The SMP has started a national conversation about capturing memories and the focus is now on encouraging as many people as possible to create their own projects and content about memories. This has resulted in a number of publishing projects. Says Tan: “What I hope to do is to help the individual to find his/her place in history. We are trying to make everyone feel they are not alone, that they are connected to history.”
The Dictionary of Sydney
The Dictionary of Sydney is a freely accessible, digital, public history project sharing many synergies with the Singapore Memory Project but its budget and staffing allocations could not be more different. Run by a not for profit trust, The Dictionary of Sydney team does its remarkable job with a host of volunteers and staff including its Chair, Historian Dr Lisa Murray.
Operating on multiple layers and levels, the dictionary provides access points to information about people, places, structures, artefacts, buildings, events, natural features, and organisations. It includes images, maps, documents, oral history, photos, films, documents, and links to Sydney’s collections. Says Murray: “We’re not a Wikipedia of Sydney it’s not just about entries. It’s about aggregation and connection of information and ideas.”
Describing the project as “random but beautiful”, Dr Murray says: “It grows like the city does — it’s a living, evolving biography and represents the bringing together of lots of people who are passionate about history.” Murray says that the impact of digitisation has been enormous and she acknowledges the State Library of New South Wales and other libraries without whose work she says the dictionary could not have been built.
One of Murray’s main interests is the way in which family and local history connections fit into the “bigger picture” of the story of a city, or of a nation. She explains: “Digital history projects have enormous potential for local and community history especially for the way family and local history can be connected into and reflect the complexity of history.”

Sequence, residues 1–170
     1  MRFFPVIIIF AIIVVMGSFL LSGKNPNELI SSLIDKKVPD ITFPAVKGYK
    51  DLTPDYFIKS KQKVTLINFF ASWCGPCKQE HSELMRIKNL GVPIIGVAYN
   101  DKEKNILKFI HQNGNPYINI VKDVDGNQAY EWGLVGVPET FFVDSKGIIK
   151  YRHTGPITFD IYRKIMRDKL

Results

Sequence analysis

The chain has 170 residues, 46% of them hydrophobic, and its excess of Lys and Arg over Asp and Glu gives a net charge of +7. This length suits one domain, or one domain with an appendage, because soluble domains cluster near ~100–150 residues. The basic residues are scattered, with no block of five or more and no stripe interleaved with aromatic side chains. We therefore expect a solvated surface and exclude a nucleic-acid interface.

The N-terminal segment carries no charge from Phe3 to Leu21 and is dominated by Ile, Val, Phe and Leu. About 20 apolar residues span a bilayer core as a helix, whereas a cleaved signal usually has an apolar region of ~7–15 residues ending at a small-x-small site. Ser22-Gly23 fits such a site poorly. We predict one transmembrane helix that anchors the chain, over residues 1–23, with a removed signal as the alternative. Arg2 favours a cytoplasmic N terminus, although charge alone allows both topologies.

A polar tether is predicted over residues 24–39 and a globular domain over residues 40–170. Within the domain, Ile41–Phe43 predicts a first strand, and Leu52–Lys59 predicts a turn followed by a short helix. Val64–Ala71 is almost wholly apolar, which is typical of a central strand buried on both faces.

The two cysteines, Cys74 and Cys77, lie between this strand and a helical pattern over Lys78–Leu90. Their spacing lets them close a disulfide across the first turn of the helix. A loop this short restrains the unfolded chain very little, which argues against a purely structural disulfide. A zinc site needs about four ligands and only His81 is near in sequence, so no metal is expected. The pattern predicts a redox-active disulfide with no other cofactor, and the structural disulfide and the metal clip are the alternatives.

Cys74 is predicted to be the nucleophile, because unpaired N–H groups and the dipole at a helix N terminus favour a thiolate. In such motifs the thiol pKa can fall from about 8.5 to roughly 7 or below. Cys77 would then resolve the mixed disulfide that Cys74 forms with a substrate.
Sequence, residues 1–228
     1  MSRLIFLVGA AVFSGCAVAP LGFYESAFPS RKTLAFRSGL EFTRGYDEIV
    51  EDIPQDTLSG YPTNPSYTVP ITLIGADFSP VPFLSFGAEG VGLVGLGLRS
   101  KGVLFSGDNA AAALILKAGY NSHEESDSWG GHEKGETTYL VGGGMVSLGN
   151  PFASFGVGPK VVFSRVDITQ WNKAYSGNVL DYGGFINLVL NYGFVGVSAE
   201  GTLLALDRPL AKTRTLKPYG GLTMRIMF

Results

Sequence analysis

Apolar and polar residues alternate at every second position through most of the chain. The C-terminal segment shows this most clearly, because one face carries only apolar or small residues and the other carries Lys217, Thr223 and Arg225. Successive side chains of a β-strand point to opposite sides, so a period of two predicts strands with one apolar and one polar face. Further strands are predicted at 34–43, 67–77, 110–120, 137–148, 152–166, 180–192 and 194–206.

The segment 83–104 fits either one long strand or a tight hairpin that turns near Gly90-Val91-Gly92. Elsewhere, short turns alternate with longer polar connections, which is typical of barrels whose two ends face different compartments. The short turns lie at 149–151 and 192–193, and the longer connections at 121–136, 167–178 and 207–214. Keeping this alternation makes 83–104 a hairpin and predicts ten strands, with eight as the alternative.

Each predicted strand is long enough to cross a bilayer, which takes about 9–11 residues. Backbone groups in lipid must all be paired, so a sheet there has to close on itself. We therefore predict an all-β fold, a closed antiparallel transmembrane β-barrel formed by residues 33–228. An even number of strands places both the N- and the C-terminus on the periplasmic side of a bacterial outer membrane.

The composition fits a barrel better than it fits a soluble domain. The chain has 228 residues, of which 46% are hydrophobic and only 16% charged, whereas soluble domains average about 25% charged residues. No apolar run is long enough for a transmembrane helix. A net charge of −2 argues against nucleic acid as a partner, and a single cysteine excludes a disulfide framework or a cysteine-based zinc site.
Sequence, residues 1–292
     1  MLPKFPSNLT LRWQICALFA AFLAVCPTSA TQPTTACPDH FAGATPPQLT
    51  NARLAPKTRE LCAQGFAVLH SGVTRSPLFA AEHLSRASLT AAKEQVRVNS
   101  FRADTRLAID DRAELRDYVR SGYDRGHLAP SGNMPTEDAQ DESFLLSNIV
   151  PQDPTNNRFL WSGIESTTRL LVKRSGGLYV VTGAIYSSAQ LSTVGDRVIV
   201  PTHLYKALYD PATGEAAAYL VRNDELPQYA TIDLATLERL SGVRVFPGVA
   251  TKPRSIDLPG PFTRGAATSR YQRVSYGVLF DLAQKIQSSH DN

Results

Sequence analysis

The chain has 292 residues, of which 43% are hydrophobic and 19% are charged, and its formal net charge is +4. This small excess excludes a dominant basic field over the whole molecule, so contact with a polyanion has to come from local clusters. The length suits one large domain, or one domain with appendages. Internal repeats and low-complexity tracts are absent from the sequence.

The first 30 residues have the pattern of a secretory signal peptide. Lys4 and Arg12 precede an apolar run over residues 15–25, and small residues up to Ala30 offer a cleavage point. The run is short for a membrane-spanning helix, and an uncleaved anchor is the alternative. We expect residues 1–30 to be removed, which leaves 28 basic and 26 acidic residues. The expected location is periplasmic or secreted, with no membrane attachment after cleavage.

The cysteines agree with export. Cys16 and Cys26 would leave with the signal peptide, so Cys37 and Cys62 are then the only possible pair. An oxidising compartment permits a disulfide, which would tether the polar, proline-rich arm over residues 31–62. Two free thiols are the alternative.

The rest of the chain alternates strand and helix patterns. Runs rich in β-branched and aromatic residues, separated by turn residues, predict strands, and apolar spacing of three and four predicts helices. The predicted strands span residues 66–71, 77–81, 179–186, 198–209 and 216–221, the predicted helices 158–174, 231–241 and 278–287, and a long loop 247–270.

In this way, Murray says the Dictionary of Sydney is similar to Tan’s non-linear, constellation approach to the digital presentation of history. It is also similar in that it maps communities and invites contributions from everyone including community writers, historians, journalists, and cultural institutions. Says Murray: “One of the strengths of the Dictionary is its ability to open up the resources of cultural institutions and private collections and place these collections within the context of Sydney’s history, making the collection as relevant and as accessible as possible to Sydney-siders and the world. The great thing about the digital humanities is that it is not confined by a particular mode of presentation. Everyone can participate in historical production and be part of the storytelling (like the SMP). It’s about history, innovation, connectivity, community and collaboration,” she says. It’s also about fun ways of engaging with history and Murray is excited to announce a new by-product of the project — the dictionary has launched its first downloadable walking tour app, the Old Irish Sydney walk, as part of this year’s St Patrick’s Day.